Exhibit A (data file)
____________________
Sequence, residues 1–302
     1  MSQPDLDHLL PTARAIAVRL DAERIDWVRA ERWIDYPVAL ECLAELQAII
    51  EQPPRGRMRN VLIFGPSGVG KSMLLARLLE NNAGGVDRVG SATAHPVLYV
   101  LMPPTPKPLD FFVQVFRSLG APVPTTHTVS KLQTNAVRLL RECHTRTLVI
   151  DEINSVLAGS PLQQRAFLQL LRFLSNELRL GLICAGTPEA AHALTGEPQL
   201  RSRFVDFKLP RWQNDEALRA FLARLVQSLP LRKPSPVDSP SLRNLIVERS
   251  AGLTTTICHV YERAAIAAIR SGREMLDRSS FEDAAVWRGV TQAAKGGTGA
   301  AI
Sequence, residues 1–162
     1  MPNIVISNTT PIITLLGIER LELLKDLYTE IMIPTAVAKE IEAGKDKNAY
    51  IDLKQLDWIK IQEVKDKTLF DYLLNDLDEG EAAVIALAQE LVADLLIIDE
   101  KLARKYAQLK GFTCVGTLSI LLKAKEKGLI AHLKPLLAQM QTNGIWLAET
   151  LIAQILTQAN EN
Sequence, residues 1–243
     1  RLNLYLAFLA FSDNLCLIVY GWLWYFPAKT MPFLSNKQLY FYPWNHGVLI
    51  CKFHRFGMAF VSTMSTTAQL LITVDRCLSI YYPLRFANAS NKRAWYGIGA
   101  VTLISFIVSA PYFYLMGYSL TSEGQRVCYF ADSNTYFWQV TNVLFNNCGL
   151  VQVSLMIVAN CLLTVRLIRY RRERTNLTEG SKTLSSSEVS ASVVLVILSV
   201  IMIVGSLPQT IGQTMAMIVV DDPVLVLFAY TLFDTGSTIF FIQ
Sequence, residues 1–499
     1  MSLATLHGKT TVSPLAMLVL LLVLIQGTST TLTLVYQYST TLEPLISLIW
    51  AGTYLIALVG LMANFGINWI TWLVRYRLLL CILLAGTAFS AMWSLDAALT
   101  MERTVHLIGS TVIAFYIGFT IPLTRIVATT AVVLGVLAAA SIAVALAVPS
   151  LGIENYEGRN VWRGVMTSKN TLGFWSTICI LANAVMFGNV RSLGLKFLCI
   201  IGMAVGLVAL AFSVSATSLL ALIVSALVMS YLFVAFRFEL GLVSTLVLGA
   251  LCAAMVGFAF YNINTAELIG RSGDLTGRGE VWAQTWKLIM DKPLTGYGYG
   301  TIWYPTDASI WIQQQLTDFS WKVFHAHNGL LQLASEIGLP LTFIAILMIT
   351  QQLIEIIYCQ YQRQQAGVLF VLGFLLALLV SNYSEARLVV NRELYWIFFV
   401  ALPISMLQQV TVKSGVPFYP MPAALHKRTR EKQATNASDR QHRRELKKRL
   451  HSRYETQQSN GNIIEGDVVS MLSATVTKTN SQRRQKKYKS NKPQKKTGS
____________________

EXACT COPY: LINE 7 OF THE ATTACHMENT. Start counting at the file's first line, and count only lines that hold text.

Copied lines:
   251  AGLTTTICHV YERAAIAAIR SGREMLDRSS FEDAAVWRGV TQAAKGGTGA